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Ted Roisum, 1952-2015: a giant falls

The brilliant longtime Portland actor dies at 62, leaving a distinguished legacy both professional and personal

UPDATE: A memorial celebration of Ted Roisum’s life will be held from 10 a.m. to 12:30 p.m. Sunday, Feb. 22, at Artists Repertory Theatre, 1515 S.W. Morrison St., Portland. The timing will allow as many theater people as possible to attend without conflicting with performances or rehearsals.


Like a few other giants, Ted Roisum was surprisingly small in person: lean and compact, short, somehow tough and fragile at the same time, with a large and perpetually questioning head that overwhelmed his wiry body.

Yet giant he was, with a voice that rolled like God’s at the creation of the universe and trembled like Job’s in the face of a plague of locusts. On a stage, he simply grew.

Robert Theodore Roisum, one of the finest actors Portland has known, died in a Portland hospice on Thursday, January 29, 2015. He was 62.

Roisum in Conor McPherson's "St. Nicholas." Photo: Win Goodbody/Corrib Theatre

Roisum in Conor McPherson’s “St. Nicholas.” Photo: Win Goodbody/Portland Theatre Scene

His longtime friend Louanne Moldovan reported that three weeks ago, experiencing severe abdominal pains, he went to an emergency room, where doctors discovered cancerous tumors throughout his body. He had had a melanoma removed about a year earlier, and neither Ted nor his doctors realized the cancer had metastasized to his lymph system, Moldovan said.

Word spread quickly in the city’s theater circles, where Roisum was held in deep admiration, respect, and, often, a touch of awe. “Today the world lost one of its rare and beautiful souls,” actor Luisa Sermol wrote in a Facebook post. He was, she added, “a man of brilliant mind, passionate talent, and gentle heart.”

Ted was all of that, and more. He did a little bit of film and television work – including small roles in the likes of Mr. Holland’s Opus and the series Under Suspicion and Nowhere Man – but he was a man of the theater, and from the mid-1980s on, mostly on Portland stages. A show with Ted in it was almost automatically an event.

Roisum (left) and Keith Scales in "Greek," 1987

Roisum (left) and Keith Scales in “Greek,” 1987

After a stint at the Oregon Shakespeare Festival in the early 1980s he came of age in Portland in the ’80s and early ’90s in a series of brilliant performances, including Steven Berkoff’s scabrous Greek, in a legendary production with Vana O’Brien, Keith Scales, and Dee Dee Van Zyl. He had a taste for classic 20th century American dramas: Clifford Odets’ The Country Girl, Eugene O’Neill’s Long Day’s Journey Into Night, Frank Gilroy’s The Subject Was Roses (all three with O’Brien as his wife), Lillian Hellman’s Watch on the Rhine. He dug deeply into Ibsen in The Master Builder, and Yeats in The Cuchulain Cycle. More than once, he played Lear (including one production that had him playing him not as a king, but as the commissioner of baseball). Such savage roles seemed to wring him dry onstage, and the audience with him, without dipping into histrionics or melodrama: his performances were too true for that.

Roisum’s remarkable, reverberating voice is what struck audiences most immediately. Marty Hughley, reviewing his Lear at Northwest Classical Theatre Company last year for ArtsWatch, wrote that the sound of his voice was “like weathered mahogany. Indignation burns and churns in him like magma. There is bullying and bitterness in this Lear, but also biting wit and touching tenderness, self-pity and self-awareness.”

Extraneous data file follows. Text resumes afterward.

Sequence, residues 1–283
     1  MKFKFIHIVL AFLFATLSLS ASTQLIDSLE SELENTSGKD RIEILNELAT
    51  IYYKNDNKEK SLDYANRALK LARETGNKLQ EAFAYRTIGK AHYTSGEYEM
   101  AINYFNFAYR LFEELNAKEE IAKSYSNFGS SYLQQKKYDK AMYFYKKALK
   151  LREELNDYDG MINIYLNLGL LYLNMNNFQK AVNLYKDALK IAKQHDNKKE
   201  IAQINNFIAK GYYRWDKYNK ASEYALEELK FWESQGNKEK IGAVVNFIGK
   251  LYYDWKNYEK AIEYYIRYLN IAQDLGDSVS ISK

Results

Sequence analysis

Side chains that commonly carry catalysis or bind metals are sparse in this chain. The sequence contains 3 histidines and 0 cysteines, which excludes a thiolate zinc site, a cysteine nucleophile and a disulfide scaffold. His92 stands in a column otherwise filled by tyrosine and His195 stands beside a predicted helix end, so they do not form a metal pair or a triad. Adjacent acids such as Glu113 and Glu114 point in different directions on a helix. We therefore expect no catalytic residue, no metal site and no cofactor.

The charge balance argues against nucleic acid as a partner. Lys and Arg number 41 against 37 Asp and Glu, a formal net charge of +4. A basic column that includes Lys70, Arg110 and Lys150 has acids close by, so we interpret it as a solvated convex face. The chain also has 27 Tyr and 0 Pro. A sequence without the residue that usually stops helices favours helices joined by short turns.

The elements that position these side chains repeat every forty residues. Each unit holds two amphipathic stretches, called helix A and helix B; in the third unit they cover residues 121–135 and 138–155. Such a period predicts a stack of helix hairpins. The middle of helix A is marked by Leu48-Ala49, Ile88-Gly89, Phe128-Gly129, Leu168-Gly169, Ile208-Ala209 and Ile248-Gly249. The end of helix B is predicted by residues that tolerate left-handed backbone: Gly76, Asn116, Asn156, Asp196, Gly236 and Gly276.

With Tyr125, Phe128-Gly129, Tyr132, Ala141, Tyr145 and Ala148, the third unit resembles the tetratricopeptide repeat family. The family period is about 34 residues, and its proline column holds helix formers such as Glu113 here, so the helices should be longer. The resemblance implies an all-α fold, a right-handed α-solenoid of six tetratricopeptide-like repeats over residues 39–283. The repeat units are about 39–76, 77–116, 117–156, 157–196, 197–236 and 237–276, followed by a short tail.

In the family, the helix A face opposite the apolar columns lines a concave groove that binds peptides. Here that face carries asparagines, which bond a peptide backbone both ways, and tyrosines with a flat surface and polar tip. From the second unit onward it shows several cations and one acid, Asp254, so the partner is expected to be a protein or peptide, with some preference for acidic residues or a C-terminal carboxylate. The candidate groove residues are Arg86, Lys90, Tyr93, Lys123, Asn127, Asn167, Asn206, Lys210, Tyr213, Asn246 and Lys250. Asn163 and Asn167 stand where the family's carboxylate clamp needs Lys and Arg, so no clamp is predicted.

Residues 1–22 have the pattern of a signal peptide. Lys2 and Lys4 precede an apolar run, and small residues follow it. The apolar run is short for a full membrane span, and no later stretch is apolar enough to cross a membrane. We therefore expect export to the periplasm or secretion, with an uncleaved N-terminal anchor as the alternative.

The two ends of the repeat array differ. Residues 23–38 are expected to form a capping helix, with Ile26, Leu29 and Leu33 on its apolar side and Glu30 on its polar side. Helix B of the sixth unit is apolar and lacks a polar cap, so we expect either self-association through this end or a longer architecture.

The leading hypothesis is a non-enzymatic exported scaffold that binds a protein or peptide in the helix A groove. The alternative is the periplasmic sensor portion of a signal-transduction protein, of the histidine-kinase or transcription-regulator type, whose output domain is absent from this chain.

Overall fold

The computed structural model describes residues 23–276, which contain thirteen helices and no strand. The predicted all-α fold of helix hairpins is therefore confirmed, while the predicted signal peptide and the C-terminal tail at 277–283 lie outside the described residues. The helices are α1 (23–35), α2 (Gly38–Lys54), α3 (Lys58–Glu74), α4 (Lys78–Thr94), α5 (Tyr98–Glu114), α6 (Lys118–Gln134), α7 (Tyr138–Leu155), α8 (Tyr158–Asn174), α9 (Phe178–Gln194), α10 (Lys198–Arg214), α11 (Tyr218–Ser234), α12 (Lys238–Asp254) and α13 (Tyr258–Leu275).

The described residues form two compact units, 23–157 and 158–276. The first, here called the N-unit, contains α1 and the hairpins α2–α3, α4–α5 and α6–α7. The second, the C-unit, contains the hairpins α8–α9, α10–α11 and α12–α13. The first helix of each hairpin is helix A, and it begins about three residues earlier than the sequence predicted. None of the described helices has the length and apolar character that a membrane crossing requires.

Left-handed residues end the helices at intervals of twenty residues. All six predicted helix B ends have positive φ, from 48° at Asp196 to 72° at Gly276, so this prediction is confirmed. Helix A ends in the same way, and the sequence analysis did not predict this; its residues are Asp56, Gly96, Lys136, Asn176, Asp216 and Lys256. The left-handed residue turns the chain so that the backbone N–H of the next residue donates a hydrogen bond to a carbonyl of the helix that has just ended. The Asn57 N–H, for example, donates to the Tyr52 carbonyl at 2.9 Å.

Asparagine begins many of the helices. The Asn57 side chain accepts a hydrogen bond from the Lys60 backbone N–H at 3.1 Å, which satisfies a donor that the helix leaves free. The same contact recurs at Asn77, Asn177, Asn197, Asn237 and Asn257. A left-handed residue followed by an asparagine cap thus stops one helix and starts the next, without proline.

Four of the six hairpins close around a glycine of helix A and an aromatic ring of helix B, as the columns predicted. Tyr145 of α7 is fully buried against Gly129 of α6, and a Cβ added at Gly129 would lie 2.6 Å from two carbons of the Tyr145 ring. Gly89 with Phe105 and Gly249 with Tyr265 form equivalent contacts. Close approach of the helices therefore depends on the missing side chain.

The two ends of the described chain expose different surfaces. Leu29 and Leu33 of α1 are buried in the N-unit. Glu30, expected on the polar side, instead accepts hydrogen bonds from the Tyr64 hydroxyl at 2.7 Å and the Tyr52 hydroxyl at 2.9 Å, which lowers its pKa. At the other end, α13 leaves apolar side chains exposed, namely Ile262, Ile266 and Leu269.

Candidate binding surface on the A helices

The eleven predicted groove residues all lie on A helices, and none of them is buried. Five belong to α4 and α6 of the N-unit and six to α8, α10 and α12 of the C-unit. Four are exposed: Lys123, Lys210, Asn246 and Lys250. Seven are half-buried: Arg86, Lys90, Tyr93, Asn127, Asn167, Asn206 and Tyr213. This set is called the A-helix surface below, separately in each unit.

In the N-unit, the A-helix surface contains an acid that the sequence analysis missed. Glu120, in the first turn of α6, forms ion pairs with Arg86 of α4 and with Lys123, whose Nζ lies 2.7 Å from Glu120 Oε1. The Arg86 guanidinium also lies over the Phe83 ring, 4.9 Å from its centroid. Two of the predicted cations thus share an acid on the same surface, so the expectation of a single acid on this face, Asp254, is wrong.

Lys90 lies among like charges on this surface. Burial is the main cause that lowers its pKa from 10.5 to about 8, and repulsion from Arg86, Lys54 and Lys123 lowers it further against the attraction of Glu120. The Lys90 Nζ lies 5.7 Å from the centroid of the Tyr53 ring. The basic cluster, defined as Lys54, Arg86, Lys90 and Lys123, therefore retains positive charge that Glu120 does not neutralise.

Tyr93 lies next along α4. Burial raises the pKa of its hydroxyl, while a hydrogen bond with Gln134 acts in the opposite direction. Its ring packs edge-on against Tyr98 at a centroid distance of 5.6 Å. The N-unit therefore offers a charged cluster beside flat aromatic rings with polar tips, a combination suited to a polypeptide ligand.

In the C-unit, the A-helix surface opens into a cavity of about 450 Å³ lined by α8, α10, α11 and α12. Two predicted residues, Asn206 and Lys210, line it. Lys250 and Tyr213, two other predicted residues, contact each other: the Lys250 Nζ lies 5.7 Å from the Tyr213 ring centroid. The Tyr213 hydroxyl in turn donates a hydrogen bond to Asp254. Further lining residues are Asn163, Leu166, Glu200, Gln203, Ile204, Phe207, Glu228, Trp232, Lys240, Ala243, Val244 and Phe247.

The voice, it seemed to me, was a magnificent instrument, but only the doorway to an even more remarkable revelation of the soul. Almost always there was something haunting in a Roisum performance, a sense in his interpretations of a character who has seen more deeply into the mysteries of the universe than he might rationally be expected to withstand. He took his audiences to dark and dangerous places. In person he was a gentleman, with an engaging curiosity and flashes of dry humor and, it seemed to me, some of the uncertainties that so often plague exceptionally creative and sensitive people. He had doubts, and the doubts seemed part of what made him brilliant onstage. Always, there were questions. Always, there were shadings. Always, there was a part of himself in whoever he played.

Ted with Vana O'Brien and Keith Scales in Cygnet's "Faith Healer."

Ted with Vana O’Brien and Keith Scales in Cygnet’s “Faith Healer.”

Ted took a few lighter roles, even swashbuckling in a children’s-theater adaptation of Treasure Island. And he sometimes stepped into musical-theater productions: he had a distinctive sense of rhythm in his voice and movements. But even on the musical-comedy stage he tended toward darker roles – as Jud, for instance, the haunted outsider in Oklahoma! who gives the play the sort of disquieting anchor that Malvolio provides in Twelfth Night. The same was true in comedies. Amid the hijinks of Vitriol and Violets, a play about the Algonquin wits, he broke into a brief, chilling scene as the doomed Bartolomeo Vanzetti of Sacco and Vanzetti infamy.

He also had an eye for the new or unusual, and for the familiar cast in an unusual light. He and David Cromwell starred at Portland Center Stage in the 2003 premiere of Steven Drukman’s post-9/11 comedy Another Fine Mess as a couple of baggy-pants gents, à la Gogo and Didi, creating a backstage world very like the large one beyond the theater – a tour-de-force blending of the sheerly theatrical and the starkly political.

His 1993 show Variations on a Bard, directed by Moldovan, teamed him in scenes from Shakespeare performed to improvisational accompaniment by three jazz musicians. “Certainly, tragedy becomes Roisum, who carries a dignified sadness in his voice and bearing,” I wrote in reviewing the show for the Oregonian. “But lurking below the obvious are the makings of a first-rate comedian – a truly Shakespearean kind of fool, who knows much and makes light to illuminate the dark. With his bold features and elastic expressions, Roisum suggests the duality of the great French actor-mime Jean-Louis Barrault in Children of Paradise, creating peals of laughter while his heart breaks.”